March 2017 Digital Edition
Feb. 2017 Digital Edition
January 2017 Digital Edition
Nov/Dec 2016 Digital Edition
Oct 2016 Digital Edition
Sept 2016 Digital Edition
Watchdog group says security at nuclear site has ‘egregious’ gaps
An independent government watchdog group alleges nuclear material at Oak Ridge National Laboratory could be at high risk because of lax security at the facility.
A report by the Project on Government Oversight (POGO) said news reports of slumbering private security guards at the Tennessee facility is only one item on a laundry list of security issues the organization has been asking the Department of Energy to address at the site for seven years. Photos of a sleeping security guard were broadcast by a local Knoxville, TN, television news program on Jan. 25. POGO said the guard had also been using an unauthorized cell phone while guarding a sensitive nuclear facility with bomb-grade material. The non-profit, non-partisan group made similar allegations of lax security at Oak Ridge National Laboratory in a 2006 report.
A spokeswoman for the private security contractor at the site -- WSI-Oakridge -- told local news outlets on Jan. 25 the company has initiated an investigation into the allegations.
POGO is currently chaired by David Hunter, an assistant professor at American University's Washington College of Law, where he directs the Program on International and Comparative Environmental Law. The group’s current Treasurer Dina Rasor, has investigated government excesses in the past primarily in defense spending and contracts.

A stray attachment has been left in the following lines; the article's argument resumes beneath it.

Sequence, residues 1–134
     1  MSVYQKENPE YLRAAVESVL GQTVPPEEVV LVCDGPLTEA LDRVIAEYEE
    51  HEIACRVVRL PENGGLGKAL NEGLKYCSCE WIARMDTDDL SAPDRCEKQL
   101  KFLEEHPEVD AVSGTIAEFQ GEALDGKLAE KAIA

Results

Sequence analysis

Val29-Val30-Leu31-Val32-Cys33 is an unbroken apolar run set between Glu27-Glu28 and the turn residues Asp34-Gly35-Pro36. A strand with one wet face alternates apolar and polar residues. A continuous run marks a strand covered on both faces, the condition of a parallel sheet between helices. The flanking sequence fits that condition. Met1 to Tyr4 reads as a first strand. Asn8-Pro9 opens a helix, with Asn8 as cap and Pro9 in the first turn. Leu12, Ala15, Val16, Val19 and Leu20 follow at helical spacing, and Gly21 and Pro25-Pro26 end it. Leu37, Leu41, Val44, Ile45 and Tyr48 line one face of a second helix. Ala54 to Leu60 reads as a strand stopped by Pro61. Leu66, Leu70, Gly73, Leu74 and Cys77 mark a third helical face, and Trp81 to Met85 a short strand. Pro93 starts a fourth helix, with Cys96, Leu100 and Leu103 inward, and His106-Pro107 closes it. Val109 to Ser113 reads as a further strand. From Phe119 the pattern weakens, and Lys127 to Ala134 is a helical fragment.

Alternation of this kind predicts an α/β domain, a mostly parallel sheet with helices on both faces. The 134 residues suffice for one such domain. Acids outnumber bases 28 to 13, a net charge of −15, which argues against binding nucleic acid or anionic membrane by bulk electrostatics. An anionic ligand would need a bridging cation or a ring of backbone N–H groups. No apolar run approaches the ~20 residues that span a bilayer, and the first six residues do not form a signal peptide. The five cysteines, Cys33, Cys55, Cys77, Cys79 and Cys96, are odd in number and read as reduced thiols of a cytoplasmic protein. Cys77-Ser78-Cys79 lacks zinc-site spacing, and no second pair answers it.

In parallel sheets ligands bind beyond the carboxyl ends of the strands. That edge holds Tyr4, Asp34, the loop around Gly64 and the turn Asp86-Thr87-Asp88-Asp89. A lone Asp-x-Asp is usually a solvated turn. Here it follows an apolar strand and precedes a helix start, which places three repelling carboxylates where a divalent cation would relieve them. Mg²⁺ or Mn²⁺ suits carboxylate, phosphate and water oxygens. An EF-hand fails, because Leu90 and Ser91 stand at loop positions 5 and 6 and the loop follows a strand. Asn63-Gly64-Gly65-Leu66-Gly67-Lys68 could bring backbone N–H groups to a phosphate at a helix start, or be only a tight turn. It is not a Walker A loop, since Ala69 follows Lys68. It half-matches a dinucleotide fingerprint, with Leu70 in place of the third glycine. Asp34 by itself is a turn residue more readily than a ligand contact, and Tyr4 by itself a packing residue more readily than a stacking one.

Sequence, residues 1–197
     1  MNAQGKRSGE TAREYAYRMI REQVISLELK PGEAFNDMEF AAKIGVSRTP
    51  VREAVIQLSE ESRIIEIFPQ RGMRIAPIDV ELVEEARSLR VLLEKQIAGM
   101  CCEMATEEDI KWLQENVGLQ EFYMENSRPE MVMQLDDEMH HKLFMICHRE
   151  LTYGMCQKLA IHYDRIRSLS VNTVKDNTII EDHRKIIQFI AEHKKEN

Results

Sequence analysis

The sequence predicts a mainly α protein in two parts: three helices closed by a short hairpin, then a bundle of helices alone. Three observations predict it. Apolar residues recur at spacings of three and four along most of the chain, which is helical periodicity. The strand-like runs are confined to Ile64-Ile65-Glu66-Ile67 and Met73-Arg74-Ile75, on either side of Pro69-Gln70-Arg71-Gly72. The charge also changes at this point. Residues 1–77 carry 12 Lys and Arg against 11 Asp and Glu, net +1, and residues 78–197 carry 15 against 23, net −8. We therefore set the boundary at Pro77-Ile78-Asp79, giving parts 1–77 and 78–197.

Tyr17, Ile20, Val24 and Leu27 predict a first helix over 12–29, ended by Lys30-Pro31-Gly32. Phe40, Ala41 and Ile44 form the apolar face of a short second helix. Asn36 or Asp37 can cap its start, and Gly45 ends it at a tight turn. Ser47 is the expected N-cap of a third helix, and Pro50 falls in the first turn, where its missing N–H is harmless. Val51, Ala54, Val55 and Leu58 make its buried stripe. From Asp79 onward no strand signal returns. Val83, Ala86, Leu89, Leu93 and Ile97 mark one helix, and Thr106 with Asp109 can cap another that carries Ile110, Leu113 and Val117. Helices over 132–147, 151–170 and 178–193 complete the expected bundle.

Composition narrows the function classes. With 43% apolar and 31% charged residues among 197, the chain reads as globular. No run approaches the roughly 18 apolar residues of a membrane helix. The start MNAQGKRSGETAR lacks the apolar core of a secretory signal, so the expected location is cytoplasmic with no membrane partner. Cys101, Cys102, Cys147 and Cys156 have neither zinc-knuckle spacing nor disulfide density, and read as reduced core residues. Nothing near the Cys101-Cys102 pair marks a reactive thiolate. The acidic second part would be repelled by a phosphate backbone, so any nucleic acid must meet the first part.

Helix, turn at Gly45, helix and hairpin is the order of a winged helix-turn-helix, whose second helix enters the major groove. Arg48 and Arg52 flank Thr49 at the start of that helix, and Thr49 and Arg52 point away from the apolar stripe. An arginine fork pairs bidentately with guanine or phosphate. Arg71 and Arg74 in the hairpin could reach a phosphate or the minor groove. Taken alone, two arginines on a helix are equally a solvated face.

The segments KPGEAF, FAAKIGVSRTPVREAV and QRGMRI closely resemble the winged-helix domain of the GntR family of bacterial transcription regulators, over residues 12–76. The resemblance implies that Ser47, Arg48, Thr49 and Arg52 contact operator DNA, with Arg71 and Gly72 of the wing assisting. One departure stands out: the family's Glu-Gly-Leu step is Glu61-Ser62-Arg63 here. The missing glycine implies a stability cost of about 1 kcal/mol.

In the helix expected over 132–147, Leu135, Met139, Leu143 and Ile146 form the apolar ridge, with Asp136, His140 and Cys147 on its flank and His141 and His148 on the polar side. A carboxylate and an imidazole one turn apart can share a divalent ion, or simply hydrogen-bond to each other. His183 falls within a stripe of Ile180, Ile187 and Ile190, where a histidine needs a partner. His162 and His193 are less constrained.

Oak Ridge is the DOE's largest science and energy laboratory and stores weapons-grade nuclear material.
POGO’s Senior Investigator, Peter Stockton said in a Jan. 25 statement that the investigation showed the Oak Ridge Lab is at high risk, and can’t meet the government’s security standards. The site houses half a ton of Uranium 233—enough for roughly 250 improvised nuclear detonations—stored in an impossible-to-secure building, according to Stockton.
“Perhaps, the most egregious part of all this is that DOE is allowing Wackenhut, the security contractor, to investigate itself,” said Stockton.” It was Wackenhut that in 2007 initially denied that several of its guards at the Peach Bottom nuclear power plant in Pennsylvania were sleeping on the job—that is until the company was confronted with a video of the guards that was leaked to the media,” he said.